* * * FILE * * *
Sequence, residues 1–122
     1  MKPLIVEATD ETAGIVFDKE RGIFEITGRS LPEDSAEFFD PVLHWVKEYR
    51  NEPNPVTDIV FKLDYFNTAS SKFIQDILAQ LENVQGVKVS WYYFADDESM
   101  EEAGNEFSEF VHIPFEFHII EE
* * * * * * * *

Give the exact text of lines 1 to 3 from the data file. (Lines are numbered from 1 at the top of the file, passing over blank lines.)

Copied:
Sequence, residues 1–122
     1  MKPLIVEATD ETAGIVFDKE RGIFEITGRS LPEDSAEFFD PVLHWVKEYR
    51  NEPNPVTDIV FKLDYFNTAS SKFIQDILAQ LENVQGVKVS WYYFADDESM